“I don’t know what private aggregate demand means, or the phrase “pent-up” demand. The usual way that Keynesians explain the post-war expansion despite the huge cut in government spending is to say, well of course the economy boomed, there was a lot of pent-up demand. What does that mean? There is always pent-up demand in the sense there is a stuff I wish I could have but can’t. But the standard story is that people couldn’t buy washing machines or cars during the war–they were rationed or simply unavailable or unaffordable. So when the war ended, and rationing and price controls ended, people were eager to buy these things. But the reason these consumer goods were rationed or unavailable is because all the steel went into the tanks and planes during the war. So when the war ended, there was steel available to the private sector. That’s why cutting government activity can stimulate the private sector.”To which the response should be: and how is this inconsistent with Keynesian economics?
Russ Roberts, “Keynes vs. Reality-2,” July 14, 2011
Americans had accumulated vast savings during the war: some $100 billion by 1944 including $43 billion in savings and money.
But American consumers could not spend the money on consumption during the war, owing to shortages, rationing and the fall in production of consumer goods. Unless you seriously believe that the desire to consume — to satisfy your subjective utility preferences by buying commodities — does not rise with income, then the meaning of “pent up” should be obvious: it means the desire to purchase consumer goods but being unable to buy them, even though you have the money.
When the war ended and the wartime command economy was dismantled, resources were freed up for reconversion to a peacetime consumer economy, and there was a totally atypical downturn in 1945 were GDP fell by 12.5% between February and October:
“The decline in government spending at the end of World War II led to an enormous drop in gross domestic product making this technically a recession. This was the result of demobilization and the shift from a wartime to peacetime economy. The post-war years were unusual in a number of ways (unemployment was never high) and this era may be considered a ‘sui generis end-of-the-war recession’.”Samuelson feared that there might be a return to long-term depression after this conversion: he was wrong. There was the massive surge in consumption after 1945 using accumulated savings, and income rose even more after the 1945 tax cut of $6 billion, passed in November. The post-war growth to 1948 was an entirely predictable development consistent with Keynesian economics.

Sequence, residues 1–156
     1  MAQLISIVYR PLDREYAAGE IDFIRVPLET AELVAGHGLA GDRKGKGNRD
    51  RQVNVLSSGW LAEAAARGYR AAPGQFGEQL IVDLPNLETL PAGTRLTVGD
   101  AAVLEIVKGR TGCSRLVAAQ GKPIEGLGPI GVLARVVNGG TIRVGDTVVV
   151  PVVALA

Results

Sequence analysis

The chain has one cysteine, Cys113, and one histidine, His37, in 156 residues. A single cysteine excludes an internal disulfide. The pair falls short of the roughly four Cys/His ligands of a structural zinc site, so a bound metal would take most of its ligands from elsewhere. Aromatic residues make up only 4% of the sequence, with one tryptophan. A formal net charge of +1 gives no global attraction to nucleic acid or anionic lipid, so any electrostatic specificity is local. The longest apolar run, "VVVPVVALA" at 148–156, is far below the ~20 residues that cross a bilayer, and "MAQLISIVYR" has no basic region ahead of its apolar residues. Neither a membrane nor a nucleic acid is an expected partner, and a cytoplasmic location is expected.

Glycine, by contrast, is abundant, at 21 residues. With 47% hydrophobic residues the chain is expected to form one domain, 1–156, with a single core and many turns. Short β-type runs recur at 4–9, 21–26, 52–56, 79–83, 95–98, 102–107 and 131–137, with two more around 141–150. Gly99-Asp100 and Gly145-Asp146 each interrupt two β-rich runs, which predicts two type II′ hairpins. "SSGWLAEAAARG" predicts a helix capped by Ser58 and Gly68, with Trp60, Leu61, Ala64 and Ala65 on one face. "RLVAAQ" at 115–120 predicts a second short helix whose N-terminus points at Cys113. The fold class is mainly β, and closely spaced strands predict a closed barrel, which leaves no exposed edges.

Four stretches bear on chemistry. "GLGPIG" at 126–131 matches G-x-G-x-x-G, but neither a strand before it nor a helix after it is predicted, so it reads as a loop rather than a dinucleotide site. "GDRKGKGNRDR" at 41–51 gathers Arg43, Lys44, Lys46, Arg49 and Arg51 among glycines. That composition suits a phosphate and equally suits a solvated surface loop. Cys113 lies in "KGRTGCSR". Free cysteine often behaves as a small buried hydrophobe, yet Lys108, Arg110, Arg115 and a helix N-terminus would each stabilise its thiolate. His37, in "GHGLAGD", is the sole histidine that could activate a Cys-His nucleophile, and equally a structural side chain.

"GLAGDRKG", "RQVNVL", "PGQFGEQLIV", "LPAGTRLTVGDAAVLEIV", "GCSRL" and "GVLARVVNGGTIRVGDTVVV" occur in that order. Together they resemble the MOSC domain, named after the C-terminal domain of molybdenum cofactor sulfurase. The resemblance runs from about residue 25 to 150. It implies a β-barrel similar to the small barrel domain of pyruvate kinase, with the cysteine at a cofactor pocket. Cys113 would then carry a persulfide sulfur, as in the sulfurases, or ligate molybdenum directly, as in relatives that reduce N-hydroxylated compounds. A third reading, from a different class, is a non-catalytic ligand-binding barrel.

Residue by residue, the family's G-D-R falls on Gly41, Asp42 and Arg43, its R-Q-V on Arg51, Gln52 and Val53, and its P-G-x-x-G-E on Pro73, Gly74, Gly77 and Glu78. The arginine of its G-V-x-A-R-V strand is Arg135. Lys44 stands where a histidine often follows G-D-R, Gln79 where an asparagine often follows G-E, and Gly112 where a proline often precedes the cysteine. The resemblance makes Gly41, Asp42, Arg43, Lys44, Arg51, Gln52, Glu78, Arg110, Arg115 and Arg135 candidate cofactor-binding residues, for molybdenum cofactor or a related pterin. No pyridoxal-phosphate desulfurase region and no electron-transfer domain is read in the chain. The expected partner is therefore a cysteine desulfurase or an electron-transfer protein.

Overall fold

In 1943 — the same year Samuelson got it wrong — Keynes was giving a lecture at the Federal Reserve and was asked by Abba Lerner about the possible economic problems of the post-war period. Keynes’s reply is significant:
“Keynes harshly rejected the risk of post-war stagnation, holding that because of Social security there would be a large reduction in private saving and so that would be no problem.”In other words, Americans now had the security of welfare programs that allowed them to free up more of their income in spending.
D. C. Colander and H. Landreth (eds), The Coming of Keynesianism to America, E. Elgar, Cheltenham. 1996. p. 202.
What kind of analysis of the post-war boom ignores what Keynes — the founder of Keynesian economics — thought about this question? Samuelson was simply wrong; Keynes was right.
Another problem for Austrians is this: there was a very sharp rise in government spending from 1948 to a 1953? Why?
The second post-WWII recession extended from November 1948 to October 1949. Truman’s budget surplus of 4.6% of GDP in fiscal year 1948 fell to 0.2% in fiscal year 1949, as spending went from $29.8 billion in 1948 to $38.8 billion in 1949, as automatic stabilizers kicked in. In fiscal year 1950 (July 1, 1949 to June 30 1950), the budget went into an actual deficit of 1.1% of GDP. Moreover, Congress had pushed through a tax cut in 1948, which boosted private spending in 1949. What we have here is classic Keynesian countercyclical fiscal policy.
Some of the increases from 1950–1953 were, of course, related to the Korean war, but also to new social, welfare and military programs enacted under Truman. Government spending in both absolute terms and as a percentage of GDP surged from 1948 to 1953, fell slightly from 1953–1954 as the Korean war ended, but remained between about 25% and 30% of GDP throughout the classic era of Keynesian economics (1945–1973), as can be seen here: